Building Confidence: Amber Wiggett Encourages Women to Build and Remodel Homes

Sustainable house builder Amber Wiggett encourages women to wield carpenter’s tools.


| March/April 2006



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Sustainable house builder Amber Wiggett encourages women to wield carpenter’s tools.


Photo By Jordan Silverman

“One of my missions is to help women learn to build houses and prove they’re capable of providing for their basic housing needs.”
—Amber Wiggett

We can do it!

As a petite, young woman—she’s 27 years old and 5 feet 4 inches tall—Amber Wiggett says she has found it challenging to be accepted as a house builder. Like her hero Rosie the Riveter, she flexed her socially active biceps and founded Homemakers Ecological Construction in Plainfield, Vermont, in 2003. The business trains and employs women and transgendered people (of both sexes) to build and remodel houses.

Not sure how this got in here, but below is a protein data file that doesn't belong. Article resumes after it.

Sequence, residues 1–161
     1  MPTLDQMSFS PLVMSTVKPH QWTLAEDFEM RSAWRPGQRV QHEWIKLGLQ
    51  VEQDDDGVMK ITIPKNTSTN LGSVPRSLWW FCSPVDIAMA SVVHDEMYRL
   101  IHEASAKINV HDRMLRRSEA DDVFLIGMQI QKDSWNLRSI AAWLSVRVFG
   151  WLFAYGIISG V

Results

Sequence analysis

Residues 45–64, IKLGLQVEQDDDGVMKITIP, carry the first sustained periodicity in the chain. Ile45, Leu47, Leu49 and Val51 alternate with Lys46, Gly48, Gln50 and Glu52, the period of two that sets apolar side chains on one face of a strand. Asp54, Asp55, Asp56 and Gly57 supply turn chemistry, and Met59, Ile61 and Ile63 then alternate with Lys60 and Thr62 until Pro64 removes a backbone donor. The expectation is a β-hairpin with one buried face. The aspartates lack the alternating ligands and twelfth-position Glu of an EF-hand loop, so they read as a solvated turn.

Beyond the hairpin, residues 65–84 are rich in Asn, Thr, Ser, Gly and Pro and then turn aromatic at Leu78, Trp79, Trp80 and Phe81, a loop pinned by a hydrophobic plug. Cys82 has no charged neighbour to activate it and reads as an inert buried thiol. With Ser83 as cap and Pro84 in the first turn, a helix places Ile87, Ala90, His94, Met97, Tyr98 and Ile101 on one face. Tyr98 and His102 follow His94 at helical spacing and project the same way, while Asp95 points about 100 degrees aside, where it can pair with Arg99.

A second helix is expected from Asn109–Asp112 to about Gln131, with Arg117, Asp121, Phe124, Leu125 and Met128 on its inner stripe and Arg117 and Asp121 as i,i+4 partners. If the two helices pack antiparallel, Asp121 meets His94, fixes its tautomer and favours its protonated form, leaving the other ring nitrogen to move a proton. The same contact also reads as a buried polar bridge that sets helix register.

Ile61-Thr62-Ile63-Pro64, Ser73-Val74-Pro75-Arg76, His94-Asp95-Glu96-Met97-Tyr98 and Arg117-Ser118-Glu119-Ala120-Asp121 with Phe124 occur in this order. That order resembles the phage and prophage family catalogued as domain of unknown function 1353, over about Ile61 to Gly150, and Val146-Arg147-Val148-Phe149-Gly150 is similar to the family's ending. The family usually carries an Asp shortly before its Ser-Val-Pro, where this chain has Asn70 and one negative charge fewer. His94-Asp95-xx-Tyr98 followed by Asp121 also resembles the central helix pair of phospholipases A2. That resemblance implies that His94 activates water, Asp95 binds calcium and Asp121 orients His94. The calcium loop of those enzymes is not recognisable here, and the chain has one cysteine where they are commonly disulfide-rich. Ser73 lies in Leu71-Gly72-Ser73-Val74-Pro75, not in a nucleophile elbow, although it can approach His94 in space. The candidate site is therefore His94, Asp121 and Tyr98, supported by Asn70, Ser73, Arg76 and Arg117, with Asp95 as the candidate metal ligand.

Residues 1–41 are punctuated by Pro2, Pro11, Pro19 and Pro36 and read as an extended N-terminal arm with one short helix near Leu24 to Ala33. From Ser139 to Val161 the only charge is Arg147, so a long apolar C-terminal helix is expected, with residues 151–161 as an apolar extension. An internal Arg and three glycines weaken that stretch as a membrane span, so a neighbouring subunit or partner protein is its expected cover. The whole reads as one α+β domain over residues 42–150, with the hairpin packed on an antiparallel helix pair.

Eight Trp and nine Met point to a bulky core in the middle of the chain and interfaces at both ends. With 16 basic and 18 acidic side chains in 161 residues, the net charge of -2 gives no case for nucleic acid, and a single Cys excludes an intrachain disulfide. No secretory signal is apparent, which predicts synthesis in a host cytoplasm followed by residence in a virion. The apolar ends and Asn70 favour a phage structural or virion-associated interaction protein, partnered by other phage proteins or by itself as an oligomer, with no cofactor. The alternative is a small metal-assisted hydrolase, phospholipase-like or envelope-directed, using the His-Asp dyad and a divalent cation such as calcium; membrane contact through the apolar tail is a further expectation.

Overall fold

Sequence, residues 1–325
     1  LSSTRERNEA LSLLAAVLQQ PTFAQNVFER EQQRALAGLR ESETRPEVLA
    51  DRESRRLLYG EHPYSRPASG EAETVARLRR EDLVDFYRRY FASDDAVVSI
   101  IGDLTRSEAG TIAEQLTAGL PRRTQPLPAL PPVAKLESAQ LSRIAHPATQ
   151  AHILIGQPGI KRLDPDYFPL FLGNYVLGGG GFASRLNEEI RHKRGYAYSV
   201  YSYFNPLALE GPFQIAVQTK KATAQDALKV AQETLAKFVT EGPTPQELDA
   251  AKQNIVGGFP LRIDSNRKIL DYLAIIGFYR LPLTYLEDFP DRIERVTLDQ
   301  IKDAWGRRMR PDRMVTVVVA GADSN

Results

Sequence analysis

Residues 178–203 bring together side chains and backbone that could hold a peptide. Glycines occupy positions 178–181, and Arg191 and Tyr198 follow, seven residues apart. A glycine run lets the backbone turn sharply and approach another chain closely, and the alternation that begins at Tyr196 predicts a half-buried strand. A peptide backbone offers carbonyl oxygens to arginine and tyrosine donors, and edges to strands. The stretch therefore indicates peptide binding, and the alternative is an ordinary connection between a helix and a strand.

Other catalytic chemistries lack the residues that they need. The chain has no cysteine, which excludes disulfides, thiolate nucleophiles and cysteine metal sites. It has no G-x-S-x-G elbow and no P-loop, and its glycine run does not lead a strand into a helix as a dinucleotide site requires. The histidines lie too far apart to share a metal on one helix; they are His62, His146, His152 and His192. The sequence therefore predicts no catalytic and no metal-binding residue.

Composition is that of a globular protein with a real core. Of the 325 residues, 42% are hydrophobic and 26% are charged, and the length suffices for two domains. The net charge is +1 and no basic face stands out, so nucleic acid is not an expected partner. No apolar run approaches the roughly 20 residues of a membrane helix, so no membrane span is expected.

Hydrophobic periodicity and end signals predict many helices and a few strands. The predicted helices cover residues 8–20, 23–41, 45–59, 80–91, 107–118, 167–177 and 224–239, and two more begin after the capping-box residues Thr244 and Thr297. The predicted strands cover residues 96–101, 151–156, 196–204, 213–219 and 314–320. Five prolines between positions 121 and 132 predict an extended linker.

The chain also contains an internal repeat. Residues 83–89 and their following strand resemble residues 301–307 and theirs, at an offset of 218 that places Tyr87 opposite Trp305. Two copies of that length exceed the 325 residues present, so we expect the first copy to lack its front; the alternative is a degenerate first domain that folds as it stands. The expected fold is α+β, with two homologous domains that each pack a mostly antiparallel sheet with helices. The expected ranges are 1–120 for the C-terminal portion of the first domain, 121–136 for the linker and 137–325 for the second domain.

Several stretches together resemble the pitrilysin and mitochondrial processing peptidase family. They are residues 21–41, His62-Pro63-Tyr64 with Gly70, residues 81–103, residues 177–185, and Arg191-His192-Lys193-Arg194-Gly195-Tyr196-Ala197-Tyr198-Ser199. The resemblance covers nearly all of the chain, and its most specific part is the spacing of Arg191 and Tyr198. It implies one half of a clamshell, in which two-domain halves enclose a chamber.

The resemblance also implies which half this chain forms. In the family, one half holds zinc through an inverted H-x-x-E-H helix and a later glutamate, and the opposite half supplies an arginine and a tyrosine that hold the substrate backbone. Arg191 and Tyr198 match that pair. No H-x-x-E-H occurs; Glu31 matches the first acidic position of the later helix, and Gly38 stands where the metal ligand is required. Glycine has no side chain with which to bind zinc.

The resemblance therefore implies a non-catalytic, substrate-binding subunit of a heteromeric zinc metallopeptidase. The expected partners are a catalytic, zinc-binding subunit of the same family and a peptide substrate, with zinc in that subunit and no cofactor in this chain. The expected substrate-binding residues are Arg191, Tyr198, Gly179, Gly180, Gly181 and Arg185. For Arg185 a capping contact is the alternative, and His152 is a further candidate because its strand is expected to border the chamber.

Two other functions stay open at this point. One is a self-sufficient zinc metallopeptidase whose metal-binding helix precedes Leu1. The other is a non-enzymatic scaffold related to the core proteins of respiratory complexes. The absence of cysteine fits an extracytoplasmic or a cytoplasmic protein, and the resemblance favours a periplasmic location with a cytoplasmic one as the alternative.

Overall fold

Demystifying construction

“We create a safe bubble for people who aren’t usually welcomed in this business,” says Wiggett, who teaches workshops in timberframe, cob (a combination of sand, straw and clay) and straw bale building techniques. The Homemakers Ecological Construction crew uses recycled, eco-friendly and nontoxic materials.

Raising roofs

One of Wiggett’s prides is a 1,200-square-foot straw bale/timberframe house that Homemakers Ecological Construction built based on her architectural design using locally sourced materials.

Next step





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